2. The product of their bottom numbers.

3. The product of the top of A and the bottom of B.

4. The product of the top of B and the bottom of A.

Add the four products.

What is the sum?


Select any one of the twenty-six letters of the alphabet. Look for your thought-of letter in each of the five columns below. Write down the letter at the top of each column in which your selected letter appears.

Change these letters to numbers, using the code A = 1, B = 2, C = 3, D = 4, and so on. Add the numbers that you obtain in this way.

Using the same code, turn the sum you get back into a letter. What letter does it yield?

Turn Two and Cut

Hold a packet of ten cards face down in your left hand. Turn the top pair of cards face up, then cut the packet at any spot you like. Again, turn the top two cards face up and cut. Keep up this turning a pair and cutting for as long as you like. This, of course, will randomize the positions of the face-up cards in the packet.

After you decide to stop reversing and cutting, deal the cards in a row on the table. Reverse all the cards at even positions along the row; that is, turn over the second, fourth, sixth, eighth, and tenth card.

How many cards in the row will now be face up?

The Rotated Die

Place a die on the square shape above so that you can see it's 1, 2, 3 faces, as shown on the right.

Give the die a quarter turn in any of two ways. You may rotate it clockwise or the other way, keeping it on the square, or you can tip it over an edge in any of the four directions, then slide it back onto the square. Each turn replaces one of the three visible faces by another face.

After you have made 13 random turns, add the three faces you now see. Is the sum odd or even.?

An ABCABC Number

Think of any three-digit number ABC. Enter it twice into your calculator as a six-digit number ABCABC.

Seven and 11 are lucky dice numbers, and 13 is considered an unlucky number.

Divide ABCABC by 7. Professor Picanumba predicts there will be no remainder. Sure enough, he's right!

Divide the result now on display by 11. The Professor again predicts correctly that there is no remainder.

Finally, divide the number on display by 13. Once more, there is no remainder.

What number is now showing on your calculator?

A Domino Chain

You need a complete set of 28 dominoes to do this test. Remove the one domino that has spots 2 and 5. Put it in your pocket.

Now pretend that you are playing a solitaire game of dominoes. Form the 27 pieces into one long single chain, placing them any way you like. When completed, note the number of spots at each end of the chain.

What are those two numbers?

The GRY Test

Think of a word that ends in GRY.

Professor Picanumba will tell you the word that you thought of. As a bonus, he'll tell you within four days the day you were born!

Now, how about a little riddle? A cowboy rode into Bottleneck on Friday, stayed three days, then rode out of town on Friday. How come?

Whisk the Dime

Hold your left hand palm up and put a dime on the center of the palm.

With a whisk broom in your other hand, try to brush the dime off your left hand.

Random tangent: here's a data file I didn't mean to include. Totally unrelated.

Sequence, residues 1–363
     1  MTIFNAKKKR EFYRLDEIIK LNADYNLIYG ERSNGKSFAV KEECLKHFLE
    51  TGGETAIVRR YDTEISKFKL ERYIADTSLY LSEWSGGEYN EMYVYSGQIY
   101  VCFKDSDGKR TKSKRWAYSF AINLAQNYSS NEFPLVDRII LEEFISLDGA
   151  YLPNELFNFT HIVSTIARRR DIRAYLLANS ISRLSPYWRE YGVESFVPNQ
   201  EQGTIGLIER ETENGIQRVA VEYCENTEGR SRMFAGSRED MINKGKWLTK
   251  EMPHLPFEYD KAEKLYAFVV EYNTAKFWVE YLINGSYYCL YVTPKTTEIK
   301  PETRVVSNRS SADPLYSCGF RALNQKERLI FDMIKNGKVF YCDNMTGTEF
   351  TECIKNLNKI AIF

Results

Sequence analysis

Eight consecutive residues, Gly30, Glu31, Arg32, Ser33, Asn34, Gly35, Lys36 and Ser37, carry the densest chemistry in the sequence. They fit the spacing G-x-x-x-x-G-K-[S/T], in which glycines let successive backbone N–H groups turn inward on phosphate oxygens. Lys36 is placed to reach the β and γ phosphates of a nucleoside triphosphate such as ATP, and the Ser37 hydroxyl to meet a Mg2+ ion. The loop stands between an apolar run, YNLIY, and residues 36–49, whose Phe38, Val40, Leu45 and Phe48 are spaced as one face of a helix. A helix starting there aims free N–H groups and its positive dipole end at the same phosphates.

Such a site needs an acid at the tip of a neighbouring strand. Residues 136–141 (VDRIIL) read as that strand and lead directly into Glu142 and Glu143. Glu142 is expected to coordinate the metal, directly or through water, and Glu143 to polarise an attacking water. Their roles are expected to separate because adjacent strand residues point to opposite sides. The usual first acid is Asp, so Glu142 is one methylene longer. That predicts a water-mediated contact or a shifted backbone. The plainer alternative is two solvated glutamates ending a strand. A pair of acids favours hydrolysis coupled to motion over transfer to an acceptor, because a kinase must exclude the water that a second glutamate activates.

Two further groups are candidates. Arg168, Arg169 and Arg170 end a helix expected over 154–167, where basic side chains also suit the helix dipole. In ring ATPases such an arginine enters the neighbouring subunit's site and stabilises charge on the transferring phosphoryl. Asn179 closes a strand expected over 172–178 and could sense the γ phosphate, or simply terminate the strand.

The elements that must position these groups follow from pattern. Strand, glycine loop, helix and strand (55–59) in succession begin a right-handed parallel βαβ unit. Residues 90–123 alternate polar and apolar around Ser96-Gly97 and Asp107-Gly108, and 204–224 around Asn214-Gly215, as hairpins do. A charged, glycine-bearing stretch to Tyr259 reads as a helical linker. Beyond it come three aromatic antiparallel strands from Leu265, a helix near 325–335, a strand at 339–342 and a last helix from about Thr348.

Can you do it?

Here's another riddle. A barber in Chicago says he'd rather cut the hair of ten red- headed men than the hair of one brown-haired man. Can you guess why?

Beast, City, Vegetable

Write down words for the following:

1. A wild beast.

2. The largest city of a foreign country.

3. A vegetable.

What are the three words?


Excerpted from Mental Magic by Martin Gardner, Jeff Sinclair. Copyright © 1999 Martin Gardner. Excerpted by permission of Dover Publications, Inc..
All rights reserved. No part of this excerpt may be reproduced or reprinted without permission in writing from the publisher.
Excerpts are provided by Dial-A-Book Inc. solely for the personal use of visitors to this web site.

Table of Contents

The Tests
Wonderland Spell
A Mysterious Matrix
Cards that Shake Dice
Try This on a Dollar Bill
The Magic of 8
Around the Square
Nation, Animals, Fruit
The Red and the Black
The Exact Word
A Two-dice Test
A Curious Count
A Rotating Matrix
Catch the Bill
Five in a Row
Reverse, Subtract, Add
A Geometry Test
Monkey Business
Face-Up Cards
What's on the Paper?
Count the Clips
Number, Flower, Color
In Praise of Red
Three Heaps
Fold and Trim
Number Names
A Test with Two Dice
Turn Two and Cut
The Rotated Die
An ABCABC Number
A Domino
The GRY Test
Whisk the Dime
Beast, City, Vegetable
A Test with Your Age
A Surprising Sum
Around the Solar System
A Remarkable Number
Heads or Tails?
Drop the Coin
At the Apex
A Calculator Test
A Peculiar Series
Rotating Spoon
Another Calculator Test
Four Queens
A Four-Dice Test
A Test with 66, 246, 913, 587
Funny Fractions
Topsy Turvy Fun
A Trick with Three Dice
Four Kings
Pairing Cards
Where's the Dime?
What's the Word?
Three Surprises
Another Calculator Surprise
A Surprising Fraction
Where's the Ace?
A Letter in Washington
Four File Cards
The Missing 8
An 8-Card Test
An Unexpected Number
Five Coins
The Stubborn Rubber Band
The Rotating Tubes
A Three-Dice Stack
One, Two, Three
Test of finger Strength
A 3 by 4 Test
The Curious Q
The Four Knights
Around the Circle
Deal and Switch
Insect, Animal, Bird
The Six Glasses
End of a Chain
A Yardstick Prediction
In Praise of Blue
Odd or Even?
Row of Nine
Nine-Card Spell
Lincoln Up or Down?
A Royal Finish
Twinkle, Twinkle
The Professor Predicts
About the Author